Monday April 14, 2014
According to a new study, young fathers may be at risk for increased depression during the early years of their children's lives.
The researchers found that during the first five years of new fatherhood the young men who were studied - who were about 25 years old at the time their children were born - had depression symptoms which increased by around 68 percent during these crucial first years of their children's lives.
Dr. Craig Garfield, who authored the study, said these results indicate that it's not just new mothers who should be screened for depression. New fathers can be at risk too. Since having a depressed parent or parents can have a negative effect on young children, Garfield notes that doctors need to do a better job helping both moms and dads.
Garfield says that scientists already knew that paternal depression existed and can have negative effects on children. His team's review of the medical literature surrounding this issue reveals that fathers who are depressed are more likely to use physical punishments to discipline their children. They are also less likely to read to them and interact with them. As a result, the children of depressed fathers tend to have poorer language development and more behavioral problems. What the researchers did not know, however, was where attention should be focused to deal with this problem.
To conduct the study, the team used data that has been gathered from 10,623 men who are enrolled in the National Longitudinal Study of Adolescent Health (Add Health). The study includes a nationally-representative sample of American adolescents and is designed to follow them over almost 20 years and they enter into young adulthood. At each wave, their depression symptoms are scored using a well-known depression rating scale called the Center for Epidemiologic Studies Depression Scale.
During the most recent wave of the study, 33 percent of the young men, who were aged 24 to 32, had become fathers.
Of the men who had become fathers, most lived in the home with their children. However, those who did not live with their children did not experience the same degree of worsening in their depression. For these men, their symptoms became worse prior to fatherhood and then decreased after they became fathers. On the other hand, those men who resided with their children had less depression before becoming fathers and more depression after.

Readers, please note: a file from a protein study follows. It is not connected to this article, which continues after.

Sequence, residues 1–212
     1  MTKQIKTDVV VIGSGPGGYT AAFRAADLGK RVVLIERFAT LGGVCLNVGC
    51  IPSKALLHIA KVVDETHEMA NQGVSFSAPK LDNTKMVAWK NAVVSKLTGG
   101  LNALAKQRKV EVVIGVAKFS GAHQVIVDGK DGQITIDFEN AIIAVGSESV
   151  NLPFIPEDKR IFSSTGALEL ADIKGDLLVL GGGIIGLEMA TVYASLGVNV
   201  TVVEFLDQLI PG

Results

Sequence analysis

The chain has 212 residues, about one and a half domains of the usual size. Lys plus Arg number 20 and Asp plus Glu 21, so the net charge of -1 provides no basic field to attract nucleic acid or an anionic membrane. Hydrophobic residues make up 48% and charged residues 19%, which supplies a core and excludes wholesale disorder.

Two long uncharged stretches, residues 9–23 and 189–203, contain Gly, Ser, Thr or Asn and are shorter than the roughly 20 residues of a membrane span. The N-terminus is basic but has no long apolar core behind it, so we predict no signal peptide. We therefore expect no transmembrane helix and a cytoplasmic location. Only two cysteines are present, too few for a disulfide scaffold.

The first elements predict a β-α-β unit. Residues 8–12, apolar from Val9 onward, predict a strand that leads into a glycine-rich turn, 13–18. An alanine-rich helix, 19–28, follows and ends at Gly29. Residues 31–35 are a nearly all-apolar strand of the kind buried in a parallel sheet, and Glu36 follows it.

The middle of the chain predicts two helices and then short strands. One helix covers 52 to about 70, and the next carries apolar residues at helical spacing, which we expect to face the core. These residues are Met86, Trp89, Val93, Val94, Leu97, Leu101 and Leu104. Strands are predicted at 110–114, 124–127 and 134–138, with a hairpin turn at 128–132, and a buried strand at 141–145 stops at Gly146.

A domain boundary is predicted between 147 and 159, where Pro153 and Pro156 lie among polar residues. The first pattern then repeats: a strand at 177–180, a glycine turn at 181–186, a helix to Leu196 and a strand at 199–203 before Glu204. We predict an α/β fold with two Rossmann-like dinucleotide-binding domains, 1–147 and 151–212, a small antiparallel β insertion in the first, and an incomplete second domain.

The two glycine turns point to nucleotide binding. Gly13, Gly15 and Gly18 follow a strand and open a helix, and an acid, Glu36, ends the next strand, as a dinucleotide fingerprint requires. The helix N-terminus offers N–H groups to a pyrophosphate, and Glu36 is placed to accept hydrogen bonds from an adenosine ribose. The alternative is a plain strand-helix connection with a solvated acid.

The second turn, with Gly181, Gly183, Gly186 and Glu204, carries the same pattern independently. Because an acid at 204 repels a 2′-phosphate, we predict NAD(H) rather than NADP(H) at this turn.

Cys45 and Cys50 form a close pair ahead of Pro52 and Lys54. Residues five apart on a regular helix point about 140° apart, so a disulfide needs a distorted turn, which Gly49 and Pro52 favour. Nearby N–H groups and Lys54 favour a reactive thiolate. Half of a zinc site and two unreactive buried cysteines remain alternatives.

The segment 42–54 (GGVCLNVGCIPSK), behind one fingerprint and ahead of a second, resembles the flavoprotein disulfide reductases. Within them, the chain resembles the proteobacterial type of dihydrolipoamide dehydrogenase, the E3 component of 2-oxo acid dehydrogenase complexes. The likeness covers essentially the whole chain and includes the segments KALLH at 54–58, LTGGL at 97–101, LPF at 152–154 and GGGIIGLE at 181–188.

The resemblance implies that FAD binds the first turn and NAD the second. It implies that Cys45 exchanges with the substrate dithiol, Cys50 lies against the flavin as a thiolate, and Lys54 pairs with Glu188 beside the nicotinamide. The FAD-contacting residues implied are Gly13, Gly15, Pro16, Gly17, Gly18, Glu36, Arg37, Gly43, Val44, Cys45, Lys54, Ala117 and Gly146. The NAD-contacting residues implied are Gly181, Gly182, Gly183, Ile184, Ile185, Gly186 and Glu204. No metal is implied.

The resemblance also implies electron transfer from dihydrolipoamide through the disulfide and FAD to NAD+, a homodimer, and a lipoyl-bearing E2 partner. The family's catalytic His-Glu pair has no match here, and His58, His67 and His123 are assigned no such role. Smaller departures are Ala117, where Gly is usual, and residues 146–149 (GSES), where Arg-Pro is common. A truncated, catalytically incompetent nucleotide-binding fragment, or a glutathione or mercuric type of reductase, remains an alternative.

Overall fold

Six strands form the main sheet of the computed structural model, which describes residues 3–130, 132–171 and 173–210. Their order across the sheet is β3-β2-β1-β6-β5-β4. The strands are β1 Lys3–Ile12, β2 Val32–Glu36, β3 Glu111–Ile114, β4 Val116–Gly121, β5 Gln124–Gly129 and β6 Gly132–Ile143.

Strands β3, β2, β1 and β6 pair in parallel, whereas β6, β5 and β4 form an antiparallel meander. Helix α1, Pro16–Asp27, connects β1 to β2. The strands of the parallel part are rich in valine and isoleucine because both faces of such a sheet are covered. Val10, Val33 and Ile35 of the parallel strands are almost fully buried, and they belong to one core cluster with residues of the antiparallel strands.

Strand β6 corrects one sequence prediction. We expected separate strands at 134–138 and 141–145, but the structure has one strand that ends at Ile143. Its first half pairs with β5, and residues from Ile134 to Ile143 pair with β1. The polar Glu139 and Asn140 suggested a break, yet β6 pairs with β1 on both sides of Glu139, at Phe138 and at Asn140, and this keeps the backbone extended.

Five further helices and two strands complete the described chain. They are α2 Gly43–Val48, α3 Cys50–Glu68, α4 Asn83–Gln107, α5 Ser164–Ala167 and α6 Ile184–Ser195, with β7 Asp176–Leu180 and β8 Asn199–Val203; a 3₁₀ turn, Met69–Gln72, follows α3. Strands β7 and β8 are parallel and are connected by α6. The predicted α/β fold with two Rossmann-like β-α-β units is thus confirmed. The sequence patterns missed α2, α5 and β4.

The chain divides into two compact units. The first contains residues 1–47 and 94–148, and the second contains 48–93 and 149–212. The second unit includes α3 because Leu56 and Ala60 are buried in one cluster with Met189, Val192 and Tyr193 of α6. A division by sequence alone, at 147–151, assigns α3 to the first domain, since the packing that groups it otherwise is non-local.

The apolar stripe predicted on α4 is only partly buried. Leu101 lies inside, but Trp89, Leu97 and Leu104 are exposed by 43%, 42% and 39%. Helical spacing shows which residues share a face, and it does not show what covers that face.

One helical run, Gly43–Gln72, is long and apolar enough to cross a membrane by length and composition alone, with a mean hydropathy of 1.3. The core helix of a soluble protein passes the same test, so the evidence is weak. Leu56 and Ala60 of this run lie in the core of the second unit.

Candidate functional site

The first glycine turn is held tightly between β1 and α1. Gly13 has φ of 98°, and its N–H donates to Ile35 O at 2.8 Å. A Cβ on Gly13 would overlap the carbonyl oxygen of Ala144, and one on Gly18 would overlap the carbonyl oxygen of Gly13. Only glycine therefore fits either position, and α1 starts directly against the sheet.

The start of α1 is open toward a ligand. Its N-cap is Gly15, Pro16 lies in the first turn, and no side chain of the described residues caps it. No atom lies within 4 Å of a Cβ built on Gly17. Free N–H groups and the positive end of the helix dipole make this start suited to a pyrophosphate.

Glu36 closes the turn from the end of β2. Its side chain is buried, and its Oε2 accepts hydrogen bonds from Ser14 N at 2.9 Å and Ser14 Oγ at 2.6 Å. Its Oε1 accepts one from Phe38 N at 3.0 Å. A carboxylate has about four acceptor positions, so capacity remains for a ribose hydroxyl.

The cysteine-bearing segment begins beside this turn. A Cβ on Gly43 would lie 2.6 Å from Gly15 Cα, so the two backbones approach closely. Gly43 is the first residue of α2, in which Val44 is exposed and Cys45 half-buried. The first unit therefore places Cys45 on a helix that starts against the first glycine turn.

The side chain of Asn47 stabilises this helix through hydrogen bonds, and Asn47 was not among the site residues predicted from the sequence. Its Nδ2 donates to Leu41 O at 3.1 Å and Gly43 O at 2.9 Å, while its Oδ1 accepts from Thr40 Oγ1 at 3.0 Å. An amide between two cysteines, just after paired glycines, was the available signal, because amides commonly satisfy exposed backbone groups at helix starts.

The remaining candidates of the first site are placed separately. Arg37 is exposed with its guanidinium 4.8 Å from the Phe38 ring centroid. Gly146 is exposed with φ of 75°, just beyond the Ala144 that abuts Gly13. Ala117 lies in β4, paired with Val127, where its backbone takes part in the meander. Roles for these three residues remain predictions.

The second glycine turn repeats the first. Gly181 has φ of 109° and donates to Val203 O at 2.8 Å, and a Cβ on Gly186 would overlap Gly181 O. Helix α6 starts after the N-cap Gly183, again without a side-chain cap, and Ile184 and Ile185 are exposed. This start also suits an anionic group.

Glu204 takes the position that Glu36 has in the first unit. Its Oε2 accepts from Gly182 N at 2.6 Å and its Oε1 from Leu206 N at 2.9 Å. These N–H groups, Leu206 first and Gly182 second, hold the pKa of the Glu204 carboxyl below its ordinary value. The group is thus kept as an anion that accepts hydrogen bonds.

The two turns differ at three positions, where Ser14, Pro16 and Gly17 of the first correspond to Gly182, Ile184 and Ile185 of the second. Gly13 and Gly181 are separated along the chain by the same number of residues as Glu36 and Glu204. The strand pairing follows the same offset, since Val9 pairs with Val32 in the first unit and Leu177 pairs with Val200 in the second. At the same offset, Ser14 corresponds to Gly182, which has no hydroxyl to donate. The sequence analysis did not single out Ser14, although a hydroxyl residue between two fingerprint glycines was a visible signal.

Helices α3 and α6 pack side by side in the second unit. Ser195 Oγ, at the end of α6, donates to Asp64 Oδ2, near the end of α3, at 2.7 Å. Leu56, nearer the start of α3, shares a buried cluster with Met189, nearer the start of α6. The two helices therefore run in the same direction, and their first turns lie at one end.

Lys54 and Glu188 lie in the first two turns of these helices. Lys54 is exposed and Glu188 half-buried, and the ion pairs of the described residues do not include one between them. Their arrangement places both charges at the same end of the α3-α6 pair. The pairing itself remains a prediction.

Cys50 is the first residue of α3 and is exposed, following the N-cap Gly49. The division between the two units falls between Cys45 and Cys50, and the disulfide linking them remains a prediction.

The results of the study were published April 14, 2014 in the journal Pediatrics.
Sunday March 30, 2014
If you've been feeling tired and depressed you may think you have depression, but did you know that hypothyroidism can mimic the symptoms of depression? This disease, in which the thyroid gland fails to produce adequate amounts of thyroid hormone, can cause symptoms similar to depression, such as tiredness, sleepiness, slowed speech, apathy and a loss of interest in persona relationships. Before seeking treatment for depression, it is a good idea to visit your family doctor for a checkup. He can perform tests for hypothyroidism as well as other medical illnesses which may present with symptoms similar to depression.
Friday March 28, 2014
I thought I'd share a very informative email that I recently received from a reader. In it, she discusses some very important treatment providers whom I have previously neglected to mention: psychiatric-mental health nurses. Thank you, Amy, for allowing me to share your email!
Hello Ms. Schimelpfening,
I was reading over some information contained on your depression site to find information for a research question. I actually don't have a question, but a comment. I noticed that you don't seem to discuss any type of psychiatric mental health nurses at all, even though these are individuals qualified to provide mental health services.